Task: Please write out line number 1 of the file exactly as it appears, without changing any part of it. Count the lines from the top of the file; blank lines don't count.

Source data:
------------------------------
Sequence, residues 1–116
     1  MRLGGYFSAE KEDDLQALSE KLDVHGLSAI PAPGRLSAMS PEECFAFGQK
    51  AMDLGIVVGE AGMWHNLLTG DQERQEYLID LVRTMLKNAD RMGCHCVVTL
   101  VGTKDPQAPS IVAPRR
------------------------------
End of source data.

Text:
Sequence, residues 1–116